See more of the story

Why are some songbirds shrinking? German biologist Carl Bergmann gave us the answer in 1847.

He described a natural phenomenon driven by — what else? — environmental temperature.

Bergmann wrote that colder climates cause animals to be large and compact. Bigger bodies preserve heat more efficiently than smaller bodies.

The corollary is, warm-blooded animals can afford to be smaller in warmer climates, to shrink. Think of it as choosing furnace size here or in Arizona.

An animal's surface area determines its rate of heat loss. Its volume determines the rate of heat production. In a warming climate, animals need less heat. That means they need less volume for heat production, therefore less surface area for heat dissipation, therefore they can be smaller.

Some bird species exposed to a warmer climate are showing signs of this change. The same species in a cooler climate wouldn't be doing so.

A study published two years ago in an ornithological journal, the Auk, focused on house sparrows in Australia and New Zealand, although the change could impact many species in many places.

"Our results suggest that higher temperatures during the breeding season could reduce body size," the authors wrote. That would drive what they called significant changes in the size of the bird.

The change is termed significant by and for scientists. It's not an obvious change to you or me. The birds must be carefully measured for differences to be recognized.

The authors said this finding could prove useful in understanding how future climate change could affect warm-blooded animals.

There is a second rule about animal body shape in warm and cold climates. Allen's Rule was described by Joel Allen in 1877. He was the first curator of birds and mammals at the American Museum of Natural History.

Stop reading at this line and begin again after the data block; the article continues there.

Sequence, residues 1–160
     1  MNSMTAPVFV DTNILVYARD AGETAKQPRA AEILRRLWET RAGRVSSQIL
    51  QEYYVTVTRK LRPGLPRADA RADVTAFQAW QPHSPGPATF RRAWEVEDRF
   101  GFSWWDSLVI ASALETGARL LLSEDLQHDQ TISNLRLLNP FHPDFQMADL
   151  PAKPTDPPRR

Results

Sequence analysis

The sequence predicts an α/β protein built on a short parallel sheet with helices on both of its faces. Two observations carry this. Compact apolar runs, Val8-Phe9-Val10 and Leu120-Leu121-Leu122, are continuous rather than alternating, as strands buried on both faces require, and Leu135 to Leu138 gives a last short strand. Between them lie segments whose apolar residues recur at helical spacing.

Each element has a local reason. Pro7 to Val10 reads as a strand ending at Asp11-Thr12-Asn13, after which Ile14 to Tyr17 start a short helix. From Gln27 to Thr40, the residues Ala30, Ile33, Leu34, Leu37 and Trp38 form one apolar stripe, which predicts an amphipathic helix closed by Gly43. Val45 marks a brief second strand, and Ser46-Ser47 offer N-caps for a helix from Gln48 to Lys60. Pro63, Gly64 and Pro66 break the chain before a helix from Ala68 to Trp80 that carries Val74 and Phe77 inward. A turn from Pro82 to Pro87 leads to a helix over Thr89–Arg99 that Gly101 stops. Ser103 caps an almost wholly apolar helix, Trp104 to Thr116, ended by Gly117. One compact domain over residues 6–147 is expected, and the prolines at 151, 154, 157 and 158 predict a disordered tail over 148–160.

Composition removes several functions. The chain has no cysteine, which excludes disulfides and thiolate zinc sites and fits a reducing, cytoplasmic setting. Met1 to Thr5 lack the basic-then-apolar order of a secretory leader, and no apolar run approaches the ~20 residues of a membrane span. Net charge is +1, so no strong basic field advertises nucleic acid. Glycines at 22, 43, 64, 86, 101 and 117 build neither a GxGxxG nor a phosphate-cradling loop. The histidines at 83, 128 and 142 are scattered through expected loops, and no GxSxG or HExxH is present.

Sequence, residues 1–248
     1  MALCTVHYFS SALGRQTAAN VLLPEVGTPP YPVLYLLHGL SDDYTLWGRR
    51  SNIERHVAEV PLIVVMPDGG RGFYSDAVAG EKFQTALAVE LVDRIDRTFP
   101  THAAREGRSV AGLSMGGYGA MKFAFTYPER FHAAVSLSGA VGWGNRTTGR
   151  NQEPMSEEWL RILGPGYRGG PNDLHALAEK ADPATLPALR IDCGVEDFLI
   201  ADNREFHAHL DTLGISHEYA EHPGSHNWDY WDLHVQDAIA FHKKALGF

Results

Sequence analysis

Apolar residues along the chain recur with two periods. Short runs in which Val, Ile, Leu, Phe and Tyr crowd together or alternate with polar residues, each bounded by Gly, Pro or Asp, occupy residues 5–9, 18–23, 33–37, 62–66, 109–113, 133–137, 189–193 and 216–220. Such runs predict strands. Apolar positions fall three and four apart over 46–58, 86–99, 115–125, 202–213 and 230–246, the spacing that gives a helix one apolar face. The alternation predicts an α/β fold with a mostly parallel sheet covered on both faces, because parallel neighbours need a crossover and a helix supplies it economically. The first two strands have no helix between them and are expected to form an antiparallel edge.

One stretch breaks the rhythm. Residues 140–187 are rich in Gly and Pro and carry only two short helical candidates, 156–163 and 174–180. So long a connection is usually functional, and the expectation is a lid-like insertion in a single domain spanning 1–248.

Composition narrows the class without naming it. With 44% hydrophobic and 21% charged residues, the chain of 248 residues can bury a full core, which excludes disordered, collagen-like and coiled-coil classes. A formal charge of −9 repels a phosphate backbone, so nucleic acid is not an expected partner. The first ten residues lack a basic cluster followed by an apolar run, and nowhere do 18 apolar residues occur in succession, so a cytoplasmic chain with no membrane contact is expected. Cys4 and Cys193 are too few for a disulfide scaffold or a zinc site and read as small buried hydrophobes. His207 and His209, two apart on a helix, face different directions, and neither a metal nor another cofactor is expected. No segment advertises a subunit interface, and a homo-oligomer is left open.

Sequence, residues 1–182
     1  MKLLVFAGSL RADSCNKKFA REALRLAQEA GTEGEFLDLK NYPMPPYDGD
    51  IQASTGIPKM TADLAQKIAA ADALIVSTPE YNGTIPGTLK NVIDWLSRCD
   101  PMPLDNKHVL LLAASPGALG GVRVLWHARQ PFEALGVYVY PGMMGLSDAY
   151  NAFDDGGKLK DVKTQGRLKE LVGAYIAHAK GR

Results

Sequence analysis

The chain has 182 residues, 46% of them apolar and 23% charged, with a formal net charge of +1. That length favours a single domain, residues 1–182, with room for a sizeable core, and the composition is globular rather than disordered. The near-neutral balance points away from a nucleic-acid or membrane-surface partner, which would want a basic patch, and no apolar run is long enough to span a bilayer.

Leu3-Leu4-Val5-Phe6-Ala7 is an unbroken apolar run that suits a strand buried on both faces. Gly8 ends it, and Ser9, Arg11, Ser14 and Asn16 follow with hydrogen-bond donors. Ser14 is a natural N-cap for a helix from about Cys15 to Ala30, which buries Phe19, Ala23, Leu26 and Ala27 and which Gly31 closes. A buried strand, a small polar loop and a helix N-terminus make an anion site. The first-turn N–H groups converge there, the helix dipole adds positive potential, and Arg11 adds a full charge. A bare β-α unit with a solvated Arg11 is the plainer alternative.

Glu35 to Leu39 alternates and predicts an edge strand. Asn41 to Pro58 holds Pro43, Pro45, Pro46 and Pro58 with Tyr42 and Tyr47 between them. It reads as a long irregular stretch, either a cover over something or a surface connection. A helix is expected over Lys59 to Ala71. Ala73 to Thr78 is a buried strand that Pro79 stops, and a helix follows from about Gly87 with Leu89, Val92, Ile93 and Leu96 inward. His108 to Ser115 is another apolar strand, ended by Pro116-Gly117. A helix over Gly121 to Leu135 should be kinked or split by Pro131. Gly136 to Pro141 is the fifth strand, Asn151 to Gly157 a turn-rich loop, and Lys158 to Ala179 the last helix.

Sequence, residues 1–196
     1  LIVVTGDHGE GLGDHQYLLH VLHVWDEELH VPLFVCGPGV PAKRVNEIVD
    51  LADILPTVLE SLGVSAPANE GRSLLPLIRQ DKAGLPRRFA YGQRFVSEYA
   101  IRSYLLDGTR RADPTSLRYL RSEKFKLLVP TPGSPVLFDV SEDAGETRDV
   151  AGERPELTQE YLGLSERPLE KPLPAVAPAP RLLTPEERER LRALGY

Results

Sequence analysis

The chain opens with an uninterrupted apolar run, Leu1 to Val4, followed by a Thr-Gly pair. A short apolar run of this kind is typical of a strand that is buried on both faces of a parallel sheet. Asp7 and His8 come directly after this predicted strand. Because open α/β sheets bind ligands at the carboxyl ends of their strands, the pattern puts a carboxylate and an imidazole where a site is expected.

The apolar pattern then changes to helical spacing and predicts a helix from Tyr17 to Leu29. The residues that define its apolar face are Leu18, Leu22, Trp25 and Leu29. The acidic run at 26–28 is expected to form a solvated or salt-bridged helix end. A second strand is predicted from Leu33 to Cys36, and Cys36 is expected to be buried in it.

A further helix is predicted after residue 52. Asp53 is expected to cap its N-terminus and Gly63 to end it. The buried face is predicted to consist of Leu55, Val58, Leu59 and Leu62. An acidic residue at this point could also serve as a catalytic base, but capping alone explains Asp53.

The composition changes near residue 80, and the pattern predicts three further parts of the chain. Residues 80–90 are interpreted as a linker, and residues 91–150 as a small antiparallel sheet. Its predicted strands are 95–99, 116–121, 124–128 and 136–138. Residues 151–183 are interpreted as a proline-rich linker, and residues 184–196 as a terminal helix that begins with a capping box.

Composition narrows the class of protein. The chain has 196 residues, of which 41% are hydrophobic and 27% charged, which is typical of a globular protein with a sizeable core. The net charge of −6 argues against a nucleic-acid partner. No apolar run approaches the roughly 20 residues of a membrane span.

Warm-blooded animals living in cold climates need to conserve as much heat as possible. Allen's rule postulates that animals in cold climates should have evolved to be more compact, rounder. These animals would have shorter limbs and body appendages, like the polar bear with its short legs, stocky body and small ears.

Animals living in warm climates should evolve to maximize the surface area through which they dissipate heat. These animals would have longer legs and appendages, creating more surface area. A giraffe would be a good example.

Both rules apply to tendencies, not absolutes.

An interesting aside: During geologic periods known as the Paleocene-Eocene thermal maximum and the Eocene Thermal Maximum 2, some animals became so small that science uses the word "dwarf."

Thermal maximum means just what it says — hot. Global temperatures had risen as much as 5 to 8° C. This was about 55 million years ago.

A headline in the journal Nature described this succinctly: "Heat could lead to tiny mammals."

Archaeologists took teeth from four fossil mammals found in Wyoming. They determined that animals the size of both rabbit and horse shrank by about 15% during this warming event. Previous research had suggested that another horse species became 30% smaller.

A Wikipedia article says increased carbon dioxide levels during that period, which would have raised global temperatures, could have promoted dwarfing.

At this point in our climate adventure we are worried about an increase of 1.5 to 2° C. No shrinkage on the horizon. Yet.

Lifelong birder Jim Williams can be reached at Join his conversation about birds at